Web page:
UK business writer Faisal Islam shows serious, pro-social journalistic intention with his soon-to-be-released book Default Line: the Inside Story of People, Banks and Nations on the Edge. He calls out the crazy rises in house prices, the reckless lending, the brainwashed borrowing and sickening bail outs of deregulated private banks with public money as the social cyanide that it is. He joins a precious few other voices decrying the economic macro mess that has been made, not just in Great Britain but in many other places, by a gold rush ethic of home ownership for all.
Mr. Islam’s book was excerpted today in the Guardian. He doesn’t mince words:
“The recent history of property in Britain is wrapped up in notions of freedom and the social mobility of owner-occupation and right-to-buy. Yet right now, Britain faces a return to a more traditional relationship with the land, in which property is the principal agent for holding back opportunity for all. There are other options, as stable house prices, large high-quality flats and secure rental tenure have delivered in Germany, for example. The property ladder was a one-off opportunity for a lucky generation-and-a-half. Now we are back to a kind of neo-feudalism, in which your quality of life depends on who your parents are, and what they owned,” says Faisal in the final paragraph of the excerpt.
From Ireland to the UK to California and beyond, the real estate monster scorched working people and entire economies with its wrath. A trebling of house prices in the UK has sprayed quick-drying cement on the aspiration of social mobility for many people in that country. Other Britons find themselves significantly worse off for having entered the home ownership game at all. A major redistribution of wealth has taken place thanks to the madness of real estate gaming in the UK and it would seem to be a very unhealthy thing on top of other economic, social and environmental challenges.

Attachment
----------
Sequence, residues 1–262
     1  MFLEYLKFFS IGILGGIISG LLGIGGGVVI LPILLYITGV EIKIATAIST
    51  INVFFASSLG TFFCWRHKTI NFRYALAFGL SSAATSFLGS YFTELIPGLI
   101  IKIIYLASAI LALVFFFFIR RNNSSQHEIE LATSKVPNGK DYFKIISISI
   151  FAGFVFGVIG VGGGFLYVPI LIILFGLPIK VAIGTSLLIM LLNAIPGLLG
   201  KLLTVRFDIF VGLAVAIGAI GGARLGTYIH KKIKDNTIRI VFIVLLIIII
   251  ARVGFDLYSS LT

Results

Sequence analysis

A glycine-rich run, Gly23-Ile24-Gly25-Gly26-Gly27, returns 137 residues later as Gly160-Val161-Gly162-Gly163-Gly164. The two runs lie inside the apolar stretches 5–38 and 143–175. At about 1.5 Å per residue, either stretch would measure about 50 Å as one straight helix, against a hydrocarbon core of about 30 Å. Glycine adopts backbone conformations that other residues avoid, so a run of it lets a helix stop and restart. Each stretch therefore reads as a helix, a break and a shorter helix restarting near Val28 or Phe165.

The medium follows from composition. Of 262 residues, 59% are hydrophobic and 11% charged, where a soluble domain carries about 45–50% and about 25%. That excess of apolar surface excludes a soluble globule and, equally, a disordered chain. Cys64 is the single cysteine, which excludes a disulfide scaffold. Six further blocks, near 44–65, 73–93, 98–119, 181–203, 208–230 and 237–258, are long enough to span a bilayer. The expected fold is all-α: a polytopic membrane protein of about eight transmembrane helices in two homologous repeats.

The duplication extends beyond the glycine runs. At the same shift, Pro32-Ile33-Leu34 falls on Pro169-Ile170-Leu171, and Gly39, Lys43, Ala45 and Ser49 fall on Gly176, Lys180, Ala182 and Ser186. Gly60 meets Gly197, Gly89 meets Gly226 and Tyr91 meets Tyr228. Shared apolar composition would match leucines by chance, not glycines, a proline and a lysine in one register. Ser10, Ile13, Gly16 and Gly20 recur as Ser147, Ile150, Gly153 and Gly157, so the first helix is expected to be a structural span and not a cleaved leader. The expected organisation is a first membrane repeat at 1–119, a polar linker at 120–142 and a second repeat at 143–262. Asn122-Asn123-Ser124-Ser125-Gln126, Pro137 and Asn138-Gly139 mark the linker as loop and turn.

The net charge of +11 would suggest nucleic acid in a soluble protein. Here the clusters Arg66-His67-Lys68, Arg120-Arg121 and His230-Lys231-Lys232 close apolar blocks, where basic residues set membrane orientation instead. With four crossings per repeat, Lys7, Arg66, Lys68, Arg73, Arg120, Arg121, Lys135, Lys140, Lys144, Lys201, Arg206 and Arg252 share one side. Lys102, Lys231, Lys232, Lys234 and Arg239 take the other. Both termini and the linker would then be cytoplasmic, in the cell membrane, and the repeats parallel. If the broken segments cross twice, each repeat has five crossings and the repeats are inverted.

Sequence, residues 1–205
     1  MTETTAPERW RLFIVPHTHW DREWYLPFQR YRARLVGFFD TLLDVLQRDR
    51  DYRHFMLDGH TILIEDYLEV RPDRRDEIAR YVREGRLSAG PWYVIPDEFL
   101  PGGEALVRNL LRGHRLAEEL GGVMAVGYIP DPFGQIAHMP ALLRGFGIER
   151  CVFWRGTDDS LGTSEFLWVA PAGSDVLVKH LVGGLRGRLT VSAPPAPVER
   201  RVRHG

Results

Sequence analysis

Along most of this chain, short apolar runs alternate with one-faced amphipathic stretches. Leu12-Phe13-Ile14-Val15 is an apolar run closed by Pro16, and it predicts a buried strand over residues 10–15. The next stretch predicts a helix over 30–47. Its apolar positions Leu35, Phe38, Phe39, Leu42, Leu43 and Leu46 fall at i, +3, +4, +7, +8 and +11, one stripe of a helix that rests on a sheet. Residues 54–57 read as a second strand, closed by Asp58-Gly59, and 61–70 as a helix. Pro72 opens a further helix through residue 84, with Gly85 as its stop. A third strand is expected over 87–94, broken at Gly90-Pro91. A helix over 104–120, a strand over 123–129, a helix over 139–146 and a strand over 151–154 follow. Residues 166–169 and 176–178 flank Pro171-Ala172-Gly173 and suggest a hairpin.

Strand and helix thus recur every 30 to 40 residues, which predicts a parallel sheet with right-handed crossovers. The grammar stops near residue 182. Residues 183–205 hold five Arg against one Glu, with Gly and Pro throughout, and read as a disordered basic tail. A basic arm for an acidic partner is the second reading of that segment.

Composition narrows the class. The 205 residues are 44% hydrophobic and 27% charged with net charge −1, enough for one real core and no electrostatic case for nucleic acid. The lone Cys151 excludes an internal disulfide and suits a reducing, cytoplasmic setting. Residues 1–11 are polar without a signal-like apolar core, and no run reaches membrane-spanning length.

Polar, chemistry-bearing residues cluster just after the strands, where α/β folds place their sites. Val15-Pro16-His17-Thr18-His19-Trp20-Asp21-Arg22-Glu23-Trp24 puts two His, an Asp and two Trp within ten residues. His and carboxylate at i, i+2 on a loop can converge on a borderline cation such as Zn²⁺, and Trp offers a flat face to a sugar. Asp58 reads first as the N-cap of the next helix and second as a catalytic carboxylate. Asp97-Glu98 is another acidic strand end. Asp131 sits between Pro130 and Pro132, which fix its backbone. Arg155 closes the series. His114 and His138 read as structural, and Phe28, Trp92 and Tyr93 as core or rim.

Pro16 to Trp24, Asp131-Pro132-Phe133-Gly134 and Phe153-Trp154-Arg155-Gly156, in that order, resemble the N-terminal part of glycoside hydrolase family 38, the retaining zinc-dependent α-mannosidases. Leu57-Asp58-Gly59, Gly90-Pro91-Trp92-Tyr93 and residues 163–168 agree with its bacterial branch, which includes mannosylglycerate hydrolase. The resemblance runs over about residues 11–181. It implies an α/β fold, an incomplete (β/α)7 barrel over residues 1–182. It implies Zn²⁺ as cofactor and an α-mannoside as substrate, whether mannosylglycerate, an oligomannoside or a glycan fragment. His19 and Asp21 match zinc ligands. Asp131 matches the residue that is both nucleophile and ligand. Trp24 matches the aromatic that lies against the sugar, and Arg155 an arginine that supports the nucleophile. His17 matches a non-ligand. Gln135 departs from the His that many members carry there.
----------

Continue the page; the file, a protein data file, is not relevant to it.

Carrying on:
This beast, the home ownership dream-turned-to-terror model, also ravaged the United States. Some features of Britain’s blow out, especially the shoddy and dishonest documentation behind a lot of the mad mortgaging, is just a smaller-scale carbon copy of shenanigans this side of the Atlantic. Canada finds herself yet to really bottom out 2008-style. The media here juxtaposes the latest soaring sales and price statistics with predictions of doom. Our federal government has tightened mortgage regulations, again. Do we still have a window to avoid the worst aspects of American and British experience?
Default Line is on suburban-poverty.com’s priority library acquisition list. We’d like to see if it has some wisdom Canadians can use to protect themselves a little from the craziness. Everywhere you turn in this country it seems like there is a sense that something is going to happen with interest rates and house prices and that it will not be pretty. Hopefully, Canadians will look back and see what Mr. Islam is talking abo.ut as a warning sign that was heeded, that inspired corrective measures and long term planning for a sensible national economic life.